Lyndhurst Mayor Patrick Ward said he is trying to remain optimistic as the city’s largest employer, Cleveland Clinic, prepares to vacate its Cleveland Clinic Wellness Institute and sell the former TRW campus.
The hospital system is relocating the 400 employees at 1900 Richmond Road to its administrative campus 3.4 miles away at the former MBNA headquarters at Beachwood’s Science Park.
“I am honored that the Cleveland Clinic will be expanding its footprint,” Beachwood Mayor Martin S. Horwitz said in a statement. “We value our partnership with the Cleveland Clinic and are happy to welcome more of their world-class employees to our city.”
Cleveland Clinic is also Beachwood’s largest employer.
Angela Smith, director of corporate communications for Cleveland Clinic, confirmed the relocation plan for the Lyndhurst offices, which were used for administrative purposes and wellness appointments.
“We have entered into an agreement to list the Lyndhurst campus for sale,” she wrote in a July 1 email. “Soon, we will begin consolidating certain areas at our Beachwood location … in preparation for relocating approximately 400 employees. We should have more details later this summer.”
Ward said the loss of $850,000 in income tax revenue will be significant to Lyndhurst. The next largest single employer, the South Euclid-Lyndhurst School District, contributes about $350,000 in income tax, he said.
Eclipsing that loss of income, Ward is concerned about the future of the 98-acre campus, which includes the 16,000-square-foot Bolton mansion, a former farm, as well as the 480,000- square-foot former corporate headquarters of TRW, all of which were donated to Cleveland Clinic after TRW was purchased by Northrop Grumman in 2002.
“I only have one ask that I have repeated over and over again,” Ward told the Cleveland Jewish News on July 2. “And that is that the Clinic maintain its presence in our city until such time as the property is ready to transition to whatever new ownership, new use, whatever comes forward.”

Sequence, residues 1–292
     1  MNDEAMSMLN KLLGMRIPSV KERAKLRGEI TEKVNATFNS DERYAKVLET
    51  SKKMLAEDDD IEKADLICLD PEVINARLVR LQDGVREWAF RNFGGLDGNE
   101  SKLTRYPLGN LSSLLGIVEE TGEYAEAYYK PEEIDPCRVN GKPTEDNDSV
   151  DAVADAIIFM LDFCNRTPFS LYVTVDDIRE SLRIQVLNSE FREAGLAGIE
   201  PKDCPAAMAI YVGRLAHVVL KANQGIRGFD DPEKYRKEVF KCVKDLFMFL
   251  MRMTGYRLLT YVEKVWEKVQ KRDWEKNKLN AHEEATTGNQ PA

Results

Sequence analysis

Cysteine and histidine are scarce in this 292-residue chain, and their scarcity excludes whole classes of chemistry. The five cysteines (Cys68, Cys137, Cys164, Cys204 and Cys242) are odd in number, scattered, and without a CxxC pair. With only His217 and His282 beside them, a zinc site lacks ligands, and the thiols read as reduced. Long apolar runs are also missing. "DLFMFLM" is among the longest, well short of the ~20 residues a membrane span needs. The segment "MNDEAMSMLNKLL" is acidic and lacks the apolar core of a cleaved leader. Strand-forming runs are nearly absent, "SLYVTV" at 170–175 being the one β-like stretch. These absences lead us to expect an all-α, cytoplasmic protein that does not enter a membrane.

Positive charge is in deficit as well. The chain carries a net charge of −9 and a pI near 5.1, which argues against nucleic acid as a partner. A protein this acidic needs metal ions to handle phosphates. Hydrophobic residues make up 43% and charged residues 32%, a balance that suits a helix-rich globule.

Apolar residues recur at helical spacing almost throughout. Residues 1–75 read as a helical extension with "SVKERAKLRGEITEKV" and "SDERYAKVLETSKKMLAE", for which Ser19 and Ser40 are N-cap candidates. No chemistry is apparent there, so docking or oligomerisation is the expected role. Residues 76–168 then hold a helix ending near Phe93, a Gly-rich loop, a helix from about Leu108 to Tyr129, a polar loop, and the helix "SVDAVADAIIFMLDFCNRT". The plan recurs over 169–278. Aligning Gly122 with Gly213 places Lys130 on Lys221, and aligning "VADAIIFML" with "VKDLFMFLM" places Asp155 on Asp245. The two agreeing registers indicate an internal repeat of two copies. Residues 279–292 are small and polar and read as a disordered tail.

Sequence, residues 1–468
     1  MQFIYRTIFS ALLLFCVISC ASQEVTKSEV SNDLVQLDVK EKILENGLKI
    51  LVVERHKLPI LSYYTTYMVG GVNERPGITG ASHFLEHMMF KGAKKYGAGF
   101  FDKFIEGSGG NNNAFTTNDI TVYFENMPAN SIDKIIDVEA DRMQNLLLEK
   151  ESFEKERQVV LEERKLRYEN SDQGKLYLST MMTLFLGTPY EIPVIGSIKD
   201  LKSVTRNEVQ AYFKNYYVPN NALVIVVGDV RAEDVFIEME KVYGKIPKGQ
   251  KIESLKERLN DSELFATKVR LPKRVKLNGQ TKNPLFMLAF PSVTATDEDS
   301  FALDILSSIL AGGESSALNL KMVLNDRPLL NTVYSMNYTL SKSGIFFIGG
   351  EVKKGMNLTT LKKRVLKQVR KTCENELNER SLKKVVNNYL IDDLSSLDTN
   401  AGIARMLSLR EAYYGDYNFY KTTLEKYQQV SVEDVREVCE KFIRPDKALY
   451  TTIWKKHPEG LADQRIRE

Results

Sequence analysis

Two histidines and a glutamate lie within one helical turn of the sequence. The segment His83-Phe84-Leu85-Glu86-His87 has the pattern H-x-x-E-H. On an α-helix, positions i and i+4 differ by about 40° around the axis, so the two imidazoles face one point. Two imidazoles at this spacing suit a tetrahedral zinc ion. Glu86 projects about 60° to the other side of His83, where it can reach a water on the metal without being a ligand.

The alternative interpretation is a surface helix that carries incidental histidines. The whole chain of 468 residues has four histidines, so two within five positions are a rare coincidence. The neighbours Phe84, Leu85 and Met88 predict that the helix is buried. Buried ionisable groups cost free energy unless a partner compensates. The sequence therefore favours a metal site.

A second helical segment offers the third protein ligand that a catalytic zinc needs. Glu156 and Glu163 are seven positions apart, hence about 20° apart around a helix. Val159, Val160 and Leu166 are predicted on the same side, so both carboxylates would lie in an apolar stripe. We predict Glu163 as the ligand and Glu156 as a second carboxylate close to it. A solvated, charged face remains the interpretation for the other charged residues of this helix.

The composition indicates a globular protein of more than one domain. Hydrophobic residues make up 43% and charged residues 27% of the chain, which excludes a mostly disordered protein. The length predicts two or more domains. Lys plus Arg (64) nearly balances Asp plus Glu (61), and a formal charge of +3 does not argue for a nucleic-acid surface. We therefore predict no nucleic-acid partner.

Smith said the timing of the move will depend on the sale.
“Planning is just getting started and we are committed to working closely with the city during this transition,” she wrote.
Ward said the property occupies a critical place in the watershed and has historical significance. The Bolton mansion is listed on the National Register of Historic Places. It was home to Frances and Chester Bolton, who both served in the U.S. House of Representatives.
“We have wetlands,” he said. “The Euclid Creek runs through there.”
Ward said stream restoration on the property has been done by watershed groups in concert with Cleveland Clinic.
“And yet there could be some development there that … could actually, with the right type of work, help further retain water up here and kind of send it more slowly downstream and assist in mitigating flooding in communities to our north, because we’re holding water back.”
The parcel is sandwiched between Legacy Village and Hawken School. It is across the street from the former Acacia Country Club, now Acacia Reservation.
“The significance to Acacia (Reservation) and everything that’s going on at Acacia, restoring that property to its natural status, is really and primarily the benefit to the watershed,” Ward said.
Ideally, Ward would like to see a “significant” corporate presence at the former TRW headquarters and what he called “conscious housing development on the west side of the building that could have some synergy with Legacy Village, perhaps.”
Lyndhurst realized immediate tax losses when defense contractor TRW pulled out in 2002 and donated the property to the nonprofit Cleveland Clinic.
“Not only did the city lose the income tax generated by the executives of TRW, the city of Lyndhurst and the schools and the county lost the taxable valuation, which was then on a $61 million value,” he said. “If it had not been for the fact that Legacy Village was coming online just as that was going off line, we really would have gone under.”
In the 16 years Cleveland Clinic has owned the parcel, Ward said the parcel has been “under-maintained and underutilized.”
Ward said he realizes hospitals choose visible locations from highways, contrasting the site of the former TRW headquarters, which is nestled in a wooded area largely hidden from roadside view.
“I’ve known forever that this was not a sustainable situation given what hospitals are looking for from a visibility standpoint,” he said. “If you’re not going to make a significant commitment to a significant piece of property, it’s not going to be long for this world. The relationship has got to end. … That being said, there is a moral obligation to take what you were given as a gift and return it in some proper way back to the community that has supported it. It’s just the right thing to do.”